• Advanced Dimensional Data Warehouse Design Techniques
    In an earlier blog post, I walked you through the basics of dimensional data warehouse design by introducing you to dimension tables, fact tables and star schema design. For this blog post, I will introduce some of the more widely used advanced dimensional design techniques which I will describe in detail in the coming weeks. DIMENSIONS Conformed Dimensions Conformed dimensions are those dimensions which have been designed in such a way that the dimension can be used across many fact tables in different subject areas of the warehouse.   Slowly Changing Dimensions Slowly changing dimensions are the second most commonly used advanced dimensional technique used in dimensional data warehouses. Slowly changing dimensions are used when you wish to capture the changing data within the dimension over time.   Hierarchical Dimensions Hierarchical dimensions are those dimensions which have an associated hierarchy. A date (day, month, quarter, year) is an example of a hierarchical dimension and one that is often used by many data modelers and data warehouses.   Snowflake Dimension Tables The removing all redundant dimensional […]
  • Data Warehousing Documentation Review
    One of the most important artifacts delivered as a part of any project is documentation. Documentation is the bane of IT development teams. Most developers feel “if it was hard to write, it should be even harder to understand and modify.” When developing and delivering a data warehouse documentation is critical to the success of the project. This documentation will help both the business users and the technical teams understand the source, the transformation and storage of the data they need to consume. These documents are the foundation upon which the warehouse will be built.   Business Requirements Document (BRD) This is a formal document which requires review and approval. The BRD captures problem the organization is trying to solve and any restrictions on that need to be considered. Essentially, the BRD defines the business user’s high-level specifications (scope) on what they are hoping to achieve from the data warehouse and delivered through a BI reporting or analytic tool along with any assumptions, constraints and risks which impact or may impact the project. This document […]
  • Data Warehousing Best Practices
    There are many times when you completed a task only to say “I wish I would have known that before I started this project” Whether it is fixing the breaks on your car, completing a woodworking project or building a data warehouse, best practices should always be observed to ensure the success of the project. These are seven of the best practices I have observed and implemented over the years when delivering a data warehouse/business intelligence solution. As you will see, most of these are not technical solutions but focus more on the soft skills needed to ensure the success of these long in duration and expensive solutions.   Define Standards Before Beginning Design I liken this practice to the “measure twice, cut once” adage. It is important that all of the documentation and physical deliverables of the project be defined at the outset of the project. Naming standards, documentation standards, coding standards, weekly status reports, release deliverables, etc. should all be defined before the kick-off meeting. Examples of these documents should be a part […]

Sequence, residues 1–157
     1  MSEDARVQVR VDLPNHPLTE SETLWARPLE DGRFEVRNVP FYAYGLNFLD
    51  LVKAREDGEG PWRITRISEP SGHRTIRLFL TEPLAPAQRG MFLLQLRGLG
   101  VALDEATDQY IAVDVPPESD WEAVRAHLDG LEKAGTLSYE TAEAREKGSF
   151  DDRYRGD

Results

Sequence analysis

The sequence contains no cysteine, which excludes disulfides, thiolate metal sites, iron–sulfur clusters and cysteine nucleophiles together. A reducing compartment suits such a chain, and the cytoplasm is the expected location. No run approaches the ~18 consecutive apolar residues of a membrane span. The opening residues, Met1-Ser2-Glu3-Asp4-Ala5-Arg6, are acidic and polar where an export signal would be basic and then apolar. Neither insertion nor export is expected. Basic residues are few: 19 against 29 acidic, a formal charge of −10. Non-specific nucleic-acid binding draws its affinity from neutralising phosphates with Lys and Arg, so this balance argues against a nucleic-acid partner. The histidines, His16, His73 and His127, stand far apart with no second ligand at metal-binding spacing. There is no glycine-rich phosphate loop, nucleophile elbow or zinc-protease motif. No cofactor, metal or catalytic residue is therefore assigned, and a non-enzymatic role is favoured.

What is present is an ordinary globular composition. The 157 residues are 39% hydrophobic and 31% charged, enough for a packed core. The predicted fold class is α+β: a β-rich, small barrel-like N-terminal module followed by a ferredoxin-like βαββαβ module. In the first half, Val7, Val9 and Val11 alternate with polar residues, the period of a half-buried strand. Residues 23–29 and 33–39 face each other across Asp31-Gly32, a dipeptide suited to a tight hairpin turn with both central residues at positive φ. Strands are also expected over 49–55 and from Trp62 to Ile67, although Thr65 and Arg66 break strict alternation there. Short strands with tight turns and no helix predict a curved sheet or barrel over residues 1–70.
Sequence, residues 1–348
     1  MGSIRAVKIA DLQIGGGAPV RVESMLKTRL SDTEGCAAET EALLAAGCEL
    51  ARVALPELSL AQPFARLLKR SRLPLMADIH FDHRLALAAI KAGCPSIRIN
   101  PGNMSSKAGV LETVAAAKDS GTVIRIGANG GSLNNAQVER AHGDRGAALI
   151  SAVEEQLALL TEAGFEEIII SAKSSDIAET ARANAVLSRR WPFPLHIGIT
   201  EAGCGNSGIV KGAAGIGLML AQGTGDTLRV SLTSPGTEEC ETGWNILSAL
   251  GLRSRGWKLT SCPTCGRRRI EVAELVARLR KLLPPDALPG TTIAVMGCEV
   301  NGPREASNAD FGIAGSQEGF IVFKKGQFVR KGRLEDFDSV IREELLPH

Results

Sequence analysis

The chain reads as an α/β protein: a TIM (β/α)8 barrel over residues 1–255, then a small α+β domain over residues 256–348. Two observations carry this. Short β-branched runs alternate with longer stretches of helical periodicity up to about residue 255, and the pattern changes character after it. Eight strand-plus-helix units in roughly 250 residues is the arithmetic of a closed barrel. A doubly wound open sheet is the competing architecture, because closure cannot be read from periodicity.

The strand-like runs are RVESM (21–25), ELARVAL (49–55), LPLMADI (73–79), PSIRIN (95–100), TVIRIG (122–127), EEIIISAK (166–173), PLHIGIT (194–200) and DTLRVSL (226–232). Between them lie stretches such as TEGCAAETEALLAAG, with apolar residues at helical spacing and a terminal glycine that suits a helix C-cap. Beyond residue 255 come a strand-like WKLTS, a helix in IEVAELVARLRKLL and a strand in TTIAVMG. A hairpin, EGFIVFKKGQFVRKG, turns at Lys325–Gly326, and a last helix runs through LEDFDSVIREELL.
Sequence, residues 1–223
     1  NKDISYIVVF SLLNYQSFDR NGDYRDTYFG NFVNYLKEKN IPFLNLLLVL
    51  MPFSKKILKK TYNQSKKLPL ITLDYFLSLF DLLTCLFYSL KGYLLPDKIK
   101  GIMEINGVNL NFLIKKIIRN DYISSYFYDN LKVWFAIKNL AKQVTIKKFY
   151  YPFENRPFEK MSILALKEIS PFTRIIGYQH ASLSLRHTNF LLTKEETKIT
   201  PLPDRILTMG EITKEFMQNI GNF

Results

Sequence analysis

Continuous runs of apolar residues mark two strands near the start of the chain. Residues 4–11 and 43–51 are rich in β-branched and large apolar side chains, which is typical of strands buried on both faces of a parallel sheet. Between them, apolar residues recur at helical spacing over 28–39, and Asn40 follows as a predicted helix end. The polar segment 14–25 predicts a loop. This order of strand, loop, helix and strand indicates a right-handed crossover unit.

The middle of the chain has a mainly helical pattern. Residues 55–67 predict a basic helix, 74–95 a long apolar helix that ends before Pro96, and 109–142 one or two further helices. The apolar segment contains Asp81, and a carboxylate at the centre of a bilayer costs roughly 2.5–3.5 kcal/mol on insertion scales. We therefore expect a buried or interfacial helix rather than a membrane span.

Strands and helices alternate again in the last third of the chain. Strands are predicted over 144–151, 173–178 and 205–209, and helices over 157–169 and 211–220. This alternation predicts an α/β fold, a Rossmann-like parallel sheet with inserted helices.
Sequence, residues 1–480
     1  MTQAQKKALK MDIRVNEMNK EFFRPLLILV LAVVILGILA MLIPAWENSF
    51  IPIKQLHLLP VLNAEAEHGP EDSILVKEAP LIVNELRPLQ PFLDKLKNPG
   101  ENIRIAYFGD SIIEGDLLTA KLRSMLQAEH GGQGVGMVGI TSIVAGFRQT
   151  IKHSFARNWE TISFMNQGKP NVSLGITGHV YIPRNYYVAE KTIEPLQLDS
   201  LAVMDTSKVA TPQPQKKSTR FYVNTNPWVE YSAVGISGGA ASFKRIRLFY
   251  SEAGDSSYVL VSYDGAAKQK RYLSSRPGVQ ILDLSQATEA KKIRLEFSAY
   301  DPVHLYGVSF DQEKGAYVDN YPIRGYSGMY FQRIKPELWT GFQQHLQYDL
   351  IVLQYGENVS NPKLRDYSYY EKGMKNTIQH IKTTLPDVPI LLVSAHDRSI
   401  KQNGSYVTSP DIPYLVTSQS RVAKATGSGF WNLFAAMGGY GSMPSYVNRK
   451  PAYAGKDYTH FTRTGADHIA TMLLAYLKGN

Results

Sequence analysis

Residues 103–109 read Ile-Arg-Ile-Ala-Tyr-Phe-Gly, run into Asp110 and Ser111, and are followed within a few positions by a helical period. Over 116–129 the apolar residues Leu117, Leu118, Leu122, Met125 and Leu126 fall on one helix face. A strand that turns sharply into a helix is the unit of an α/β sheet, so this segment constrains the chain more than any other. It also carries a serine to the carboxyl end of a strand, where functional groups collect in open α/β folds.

• Designing a Dimensional Data Warehouse – The Basics
    Last week I wrote about Relational (Atomic) Data Warehouses and how to create these data structures. This week we will look at Dimensional Data Warehouses and how they differ from the Relational Data Warehouse. Creating a dimensional data warehouse is very different from creating a relational data warehouse. In the relational data warehouse, you are looking to store every atomic element which the organization has deemed to be important from the source applications and storing this data in a relational structure. Relational data structures are optimized for transactional speed and the limiting the use of disk space which is why this methodology is so prevalent in transaction-based systems. Dimensional models are specifically designed for optimized for the delivery of reports and analytics.   Dimensions – What are they? Dimensional Data Warehouses must have dimensions, right? So what are dimensions? Think of dimensions as containers of adjectives which describe the dimension and will help us limit the fact information we wish to see. Dimension tables can contain a lot of columns if the dimension is robust […]